The first category recruiters are never interested to reveal their details; whereas the second category recruiters will gladly oblige. The other aspect is timeline, whether the recruiter respects your time, returns your call, and gives proper answers to your call. But it should be both ways.
- The second category recruiters won't just ask for your resume. They do remote assessment through social media and other innovative tools. Based on their research, they would be suggesting whether you fit in the company, the department, the job, etc. Remember the recruiter will reveal him/herself through their questions itself.
Talking to everyone is not his/her business, but finding the right talent and filling the job in the stipulated time is his/her business. A good recruiter may not have enough time to contact them unless they happen to have expertise in the exact assignment he/she is currently working on.
I'm working as a project manager in a reputed MNC and deal with a lot of employees under me. How should I know that my team is talented and how can I retain the best talent?
- Komali, Hyderabad
Employees leave their current job because of several reasons like lack of appreciation, no recognition, underpay, personality conflicts, poor management, no scope for advancement, limited professional development, lack of challenge, boredom, etc.
Many a time, you will find people leave jobs because of co-workers but not company or pay. The otherway to see it is: people leave their bosses, not jobs. Just ask one thing yourself. Are your team members eager to wake up early and come to office on time with fresh ideas? Are they enjoying what they do? If you can say ‘yes’, you're a good leader. If not, please read, understand and try to follow these tips below:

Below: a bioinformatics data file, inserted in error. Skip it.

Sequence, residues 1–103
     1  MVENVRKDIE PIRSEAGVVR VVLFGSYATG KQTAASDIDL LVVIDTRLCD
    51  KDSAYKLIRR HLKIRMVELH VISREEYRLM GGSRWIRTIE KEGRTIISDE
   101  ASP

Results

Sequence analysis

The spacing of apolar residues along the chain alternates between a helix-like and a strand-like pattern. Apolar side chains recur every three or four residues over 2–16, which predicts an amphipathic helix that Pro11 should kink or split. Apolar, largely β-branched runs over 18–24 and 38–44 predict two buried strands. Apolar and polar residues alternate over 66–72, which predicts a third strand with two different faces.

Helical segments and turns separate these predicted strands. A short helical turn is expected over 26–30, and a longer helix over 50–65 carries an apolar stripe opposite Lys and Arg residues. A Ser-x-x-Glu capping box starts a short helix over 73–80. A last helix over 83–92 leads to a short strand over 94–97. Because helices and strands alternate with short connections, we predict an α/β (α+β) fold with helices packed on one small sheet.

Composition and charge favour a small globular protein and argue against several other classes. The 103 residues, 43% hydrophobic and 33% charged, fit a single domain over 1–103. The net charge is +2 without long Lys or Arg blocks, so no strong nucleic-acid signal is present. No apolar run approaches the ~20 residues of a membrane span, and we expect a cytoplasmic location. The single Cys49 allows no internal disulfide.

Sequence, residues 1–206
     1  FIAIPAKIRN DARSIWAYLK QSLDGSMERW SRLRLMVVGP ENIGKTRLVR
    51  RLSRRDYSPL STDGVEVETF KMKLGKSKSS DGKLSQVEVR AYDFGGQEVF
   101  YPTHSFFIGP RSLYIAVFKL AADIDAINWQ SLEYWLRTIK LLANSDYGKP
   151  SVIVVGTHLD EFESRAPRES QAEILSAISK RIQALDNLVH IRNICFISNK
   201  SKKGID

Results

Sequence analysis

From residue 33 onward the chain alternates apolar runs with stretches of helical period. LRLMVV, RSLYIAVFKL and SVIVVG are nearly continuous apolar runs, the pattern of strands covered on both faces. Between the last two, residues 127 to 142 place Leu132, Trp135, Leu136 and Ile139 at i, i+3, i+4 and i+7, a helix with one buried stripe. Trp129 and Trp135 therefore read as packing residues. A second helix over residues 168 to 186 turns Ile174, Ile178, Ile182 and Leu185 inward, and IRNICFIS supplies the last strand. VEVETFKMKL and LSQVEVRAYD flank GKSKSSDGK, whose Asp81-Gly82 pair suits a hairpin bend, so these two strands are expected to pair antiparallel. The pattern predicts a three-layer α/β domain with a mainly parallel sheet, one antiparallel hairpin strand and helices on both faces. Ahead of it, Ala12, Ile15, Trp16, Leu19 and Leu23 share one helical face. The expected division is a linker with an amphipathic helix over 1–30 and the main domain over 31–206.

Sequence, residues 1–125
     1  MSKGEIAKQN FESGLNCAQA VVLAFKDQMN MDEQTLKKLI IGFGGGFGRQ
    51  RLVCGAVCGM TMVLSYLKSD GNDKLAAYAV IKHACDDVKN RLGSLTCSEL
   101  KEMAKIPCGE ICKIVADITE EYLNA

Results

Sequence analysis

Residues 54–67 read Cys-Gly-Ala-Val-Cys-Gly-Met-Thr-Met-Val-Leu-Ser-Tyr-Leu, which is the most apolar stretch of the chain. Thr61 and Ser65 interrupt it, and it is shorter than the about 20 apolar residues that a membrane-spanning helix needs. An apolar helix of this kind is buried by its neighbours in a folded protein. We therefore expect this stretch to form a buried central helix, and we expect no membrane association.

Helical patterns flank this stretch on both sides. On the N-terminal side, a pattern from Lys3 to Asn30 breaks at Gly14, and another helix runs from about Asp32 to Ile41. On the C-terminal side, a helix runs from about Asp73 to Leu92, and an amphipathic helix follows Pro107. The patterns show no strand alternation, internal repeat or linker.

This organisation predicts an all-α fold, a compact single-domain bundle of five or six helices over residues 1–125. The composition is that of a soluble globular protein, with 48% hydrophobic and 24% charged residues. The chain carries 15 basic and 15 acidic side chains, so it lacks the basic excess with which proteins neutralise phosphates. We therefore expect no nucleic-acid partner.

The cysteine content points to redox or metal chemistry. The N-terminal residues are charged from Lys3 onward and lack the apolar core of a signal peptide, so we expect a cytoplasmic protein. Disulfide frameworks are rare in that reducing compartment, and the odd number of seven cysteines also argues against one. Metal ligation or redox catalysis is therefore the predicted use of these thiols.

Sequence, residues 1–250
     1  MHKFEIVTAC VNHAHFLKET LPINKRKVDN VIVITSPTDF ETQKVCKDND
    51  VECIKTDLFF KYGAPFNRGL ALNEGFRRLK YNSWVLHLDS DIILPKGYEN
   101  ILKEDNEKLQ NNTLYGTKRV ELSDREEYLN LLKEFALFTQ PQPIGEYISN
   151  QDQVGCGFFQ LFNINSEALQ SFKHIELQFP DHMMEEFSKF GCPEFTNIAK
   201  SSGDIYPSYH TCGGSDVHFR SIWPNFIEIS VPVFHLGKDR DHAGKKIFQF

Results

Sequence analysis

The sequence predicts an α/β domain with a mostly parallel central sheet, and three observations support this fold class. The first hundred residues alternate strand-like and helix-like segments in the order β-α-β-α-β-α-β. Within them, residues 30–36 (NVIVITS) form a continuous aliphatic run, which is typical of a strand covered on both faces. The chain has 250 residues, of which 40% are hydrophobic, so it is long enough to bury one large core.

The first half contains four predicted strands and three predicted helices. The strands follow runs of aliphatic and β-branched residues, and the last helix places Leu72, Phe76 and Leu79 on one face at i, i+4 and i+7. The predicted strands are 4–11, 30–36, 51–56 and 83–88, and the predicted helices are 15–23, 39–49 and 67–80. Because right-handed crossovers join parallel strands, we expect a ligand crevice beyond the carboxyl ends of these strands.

- Know what people want and need: Everyone wants to make a difference; in return they expect recognition, value, respect, compensation, etc. Let them know you're a nice person who ensures overall development of your people. You can get better feedback during outings or get-togethers, so conduct such programmes occasionally.
- Be clear about goals and expectations: You can have job description in writing and both have copies of it. Do not force them to do so, instead empower them and make them accountable for those responsibilities. Let them proudly own their responsibilities.
- Lead by example: Assigning tasks is not sufficient, show some examples on how to do them and provide adequate resources.
- Involve in decision making process: Get people's involvement and listen to their comments, suggestions or feedback before you take a final call.
- Reward, recognise and appreciate: It's an ultimate yet powerful tool to retain the best talent in your team. There should a transparent mechanism to recognise, measure the efforts which enable you to reward and appreciate accordingly.
- Help them to develop: It's the boss’s responsibility to ensure continual development of your team members so that they can reach the expectation of business/department objectives. Give them candid feedback and show them ways to overcome their gaps.